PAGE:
The next major event, though, is Tony Abbott’s assumption of the Coalition leadership on 1 December 2009, as Turnbull fails to recover from his role in the Utegate affair and narrowly loses a leadership ballot. Abbott’s own Twitter account is created that very day, and almost immediately picks up some 1,500 followers; new Shadow Treasurer Joe Hockey also gains a similar amount of new followers, while somewhat perversely Turnbull’s follower curve also ticks up. (Again it should be noted here that we cannot determine when previous followers unfollowed an account, though – it’s possible that Turnbull lost more than he gained on that day, therefore.)
The next spill, then, is in the Labor ranks, as Julia Gillard succeeds Kevin Rudd (at least temporarily, as we now know). Interestingly, Gillard had had a Twitter account since late October 2009, but had picked up virtually no followers; this is likely a sign that the account had been using a name other than @JuliaGillard for its first months of existence, and/or that it had been set to ‘private’ rather than public. It’s only with Gillard’s ascension to the top job that her account is made public and rapidly gains followers; between the 23 June spill and the 21 August 2010 election, her follower accession curve is perhaps even steeper than Rudd’s when his account was first launched. Notably, the election itself also plays an important role in this: Abbott, Hockey, Turnbull (somewhat surprisingly, perhaps), and even then-Deputy Greens leader Christine Milne all experience above-average follower growth during this time.
The hung parliament in the weeks after the election provided a chance for less well-known political actors to take centre stage in Australian politics; this is true for the political scene on Twitter as well. Independent and now kingmaker Rob Oakeshott’s @OakeyMP account had been created in mid-October 2008, as one of the earliest of the dozen accounts we’re examining here, but had failed to gain any significant audience; as soon as his crucial role in deciding the next Prime Minister of Australia became clear following the election, however, a substantial number of Twitter users began to follow him. This trend continued for some time, but as it became clear that in spite of its precarious electoral situation the Gillard government would be a stable and (almost) full-term one, follower growth appears to have slowed down somewhat.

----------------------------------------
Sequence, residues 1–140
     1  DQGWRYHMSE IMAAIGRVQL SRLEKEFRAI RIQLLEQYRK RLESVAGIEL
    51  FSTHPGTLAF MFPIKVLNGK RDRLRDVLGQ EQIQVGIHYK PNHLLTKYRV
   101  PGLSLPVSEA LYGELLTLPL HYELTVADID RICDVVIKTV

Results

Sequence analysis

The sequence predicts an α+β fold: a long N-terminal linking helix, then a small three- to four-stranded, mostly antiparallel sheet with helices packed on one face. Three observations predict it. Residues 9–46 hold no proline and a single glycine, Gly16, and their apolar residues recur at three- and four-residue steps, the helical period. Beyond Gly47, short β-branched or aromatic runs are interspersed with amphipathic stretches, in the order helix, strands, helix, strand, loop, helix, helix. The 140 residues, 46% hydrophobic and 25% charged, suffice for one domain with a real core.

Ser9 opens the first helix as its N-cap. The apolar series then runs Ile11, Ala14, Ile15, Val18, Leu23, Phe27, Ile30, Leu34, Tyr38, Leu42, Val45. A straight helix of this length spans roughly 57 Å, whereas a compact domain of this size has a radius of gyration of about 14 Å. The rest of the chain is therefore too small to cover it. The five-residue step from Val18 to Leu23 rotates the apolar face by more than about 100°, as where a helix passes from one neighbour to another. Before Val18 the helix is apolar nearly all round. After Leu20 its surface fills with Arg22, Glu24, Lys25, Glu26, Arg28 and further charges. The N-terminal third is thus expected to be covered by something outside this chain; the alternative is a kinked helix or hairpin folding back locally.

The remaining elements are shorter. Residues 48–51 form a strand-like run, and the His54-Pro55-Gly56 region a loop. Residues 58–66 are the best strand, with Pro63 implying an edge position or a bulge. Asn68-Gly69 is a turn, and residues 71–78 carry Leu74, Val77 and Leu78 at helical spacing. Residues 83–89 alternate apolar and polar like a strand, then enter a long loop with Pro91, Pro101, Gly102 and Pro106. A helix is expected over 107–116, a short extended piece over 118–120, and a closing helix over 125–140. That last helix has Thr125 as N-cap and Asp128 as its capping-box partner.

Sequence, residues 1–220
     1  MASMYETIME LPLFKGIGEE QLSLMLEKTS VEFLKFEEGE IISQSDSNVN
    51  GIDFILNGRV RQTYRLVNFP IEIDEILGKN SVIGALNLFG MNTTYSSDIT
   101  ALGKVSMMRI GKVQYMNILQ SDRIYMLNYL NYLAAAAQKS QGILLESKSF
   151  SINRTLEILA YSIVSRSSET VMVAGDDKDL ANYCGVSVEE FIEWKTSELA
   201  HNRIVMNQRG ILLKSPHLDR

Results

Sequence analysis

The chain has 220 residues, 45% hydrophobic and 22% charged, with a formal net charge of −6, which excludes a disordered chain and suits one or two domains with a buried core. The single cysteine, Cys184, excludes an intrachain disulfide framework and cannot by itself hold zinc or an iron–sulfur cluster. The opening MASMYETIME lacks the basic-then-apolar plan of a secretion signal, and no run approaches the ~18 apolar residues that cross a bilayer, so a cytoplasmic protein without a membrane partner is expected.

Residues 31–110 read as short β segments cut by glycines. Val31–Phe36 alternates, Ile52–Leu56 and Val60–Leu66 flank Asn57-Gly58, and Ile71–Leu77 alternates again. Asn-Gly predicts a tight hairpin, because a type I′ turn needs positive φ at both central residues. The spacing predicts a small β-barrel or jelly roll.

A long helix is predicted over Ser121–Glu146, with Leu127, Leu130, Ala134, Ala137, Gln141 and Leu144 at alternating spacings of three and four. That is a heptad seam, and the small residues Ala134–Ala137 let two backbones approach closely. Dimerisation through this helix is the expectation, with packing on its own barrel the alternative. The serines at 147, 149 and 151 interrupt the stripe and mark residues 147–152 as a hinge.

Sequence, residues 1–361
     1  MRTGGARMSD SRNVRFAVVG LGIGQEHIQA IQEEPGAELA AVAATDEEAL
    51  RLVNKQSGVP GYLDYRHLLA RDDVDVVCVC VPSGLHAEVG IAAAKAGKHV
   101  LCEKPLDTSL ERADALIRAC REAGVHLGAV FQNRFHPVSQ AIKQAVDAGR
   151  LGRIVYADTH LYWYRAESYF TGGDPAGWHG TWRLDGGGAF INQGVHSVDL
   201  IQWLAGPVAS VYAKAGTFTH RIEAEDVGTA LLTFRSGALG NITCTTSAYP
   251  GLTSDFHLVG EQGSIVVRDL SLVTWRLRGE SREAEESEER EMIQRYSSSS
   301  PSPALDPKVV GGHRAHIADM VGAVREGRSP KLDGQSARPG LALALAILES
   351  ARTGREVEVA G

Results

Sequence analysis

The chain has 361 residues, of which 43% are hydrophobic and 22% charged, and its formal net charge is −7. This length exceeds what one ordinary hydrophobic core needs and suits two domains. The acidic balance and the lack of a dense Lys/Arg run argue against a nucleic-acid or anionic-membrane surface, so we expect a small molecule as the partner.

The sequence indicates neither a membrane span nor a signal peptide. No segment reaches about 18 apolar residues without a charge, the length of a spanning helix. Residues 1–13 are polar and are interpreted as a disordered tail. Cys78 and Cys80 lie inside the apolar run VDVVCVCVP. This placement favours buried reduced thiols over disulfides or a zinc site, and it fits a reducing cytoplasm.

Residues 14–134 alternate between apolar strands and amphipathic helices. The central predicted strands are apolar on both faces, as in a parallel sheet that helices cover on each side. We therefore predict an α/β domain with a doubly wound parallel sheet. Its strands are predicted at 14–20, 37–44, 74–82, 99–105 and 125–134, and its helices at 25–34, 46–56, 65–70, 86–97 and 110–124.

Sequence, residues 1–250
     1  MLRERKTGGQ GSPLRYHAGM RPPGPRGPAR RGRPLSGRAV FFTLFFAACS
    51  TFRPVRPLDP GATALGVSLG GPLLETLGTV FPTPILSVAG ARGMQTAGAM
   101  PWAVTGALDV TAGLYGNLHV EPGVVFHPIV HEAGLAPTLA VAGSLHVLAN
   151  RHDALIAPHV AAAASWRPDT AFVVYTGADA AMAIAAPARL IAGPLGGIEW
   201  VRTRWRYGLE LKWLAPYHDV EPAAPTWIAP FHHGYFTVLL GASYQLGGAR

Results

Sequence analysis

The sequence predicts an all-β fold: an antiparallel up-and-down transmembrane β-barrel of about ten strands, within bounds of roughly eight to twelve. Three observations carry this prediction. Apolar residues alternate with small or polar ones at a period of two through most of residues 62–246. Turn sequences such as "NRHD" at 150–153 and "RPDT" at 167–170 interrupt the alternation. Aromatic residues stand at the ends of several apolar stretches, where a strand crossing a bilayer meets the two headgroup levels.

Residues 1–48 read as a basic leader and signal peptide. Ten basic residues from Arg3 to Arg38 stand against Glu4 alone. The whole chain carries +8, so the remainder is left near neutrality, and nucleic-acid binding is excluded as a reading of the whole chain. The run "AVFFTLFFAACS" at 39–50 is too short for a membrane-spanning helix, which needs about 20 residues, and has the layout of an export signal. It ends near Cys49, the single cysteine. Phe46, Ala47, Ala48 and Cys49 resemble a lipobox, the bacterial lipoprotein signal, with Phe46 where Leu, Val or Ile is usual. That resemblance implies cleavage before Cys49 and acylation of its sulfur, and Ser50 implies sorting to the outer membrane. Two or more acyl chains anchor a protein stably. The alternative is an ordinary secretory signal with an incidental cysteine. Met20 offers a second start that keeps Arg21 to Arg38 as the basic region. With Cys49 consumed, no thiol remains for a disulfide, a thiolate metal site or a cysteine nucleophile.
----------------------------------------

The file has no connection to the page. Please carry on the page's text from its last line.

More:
Buoyed by their colleagues’ experience, perhaps, we see some further leading politicians join Twitter in subsequent months. (Then) Deputy PM Wayne Swan is one of the next to join, and gains followers at a somewhat faster rate than many of his colleagues; especially in 2012, there’s also a pronounced uptick as he delivers that year’s federal budget to the nation. Bob Katter, Craig Emerson, and – somewhat belatedly – one of the other key independents, Tony Windsor, also follow suit. Between them, Barnaby Joyce’s Twitter account (created in February 2010, but apparently not made public until September 2011) also finally takes off. And as always, leadership changes boost follower numbers for their beneficiaries: new Greens leader Christine Milne gains from Bob Brown’s retirement, for example – on Twitter as much as in other ways.
As I’ve noted above: we gathered these data in mid-June, before the most recent Labor leadership challenge and the return of Kevin Rudd as Prime Minister. That event, both because of the use of Twitter in commenting on the spill and because of the added attention to the various politicians’ Twitter accounts that it would have brought, will have had a further effect on the follower numbers of these accounts. Additionally, we’ll also expect to see a number of account renamings in its wake – a Twitter handle like @SwannyDPM is no longer accurate, for example, and who would be surprised if @KRuddMP became @KevinRuddPM again?
Such name changes to existing accounts don’t affect follower numbers directly, but their press coverage might – so we’ll wait until the dust has settled and will re-examine the most recent follower accession trends in a new update in the not-too-distant future.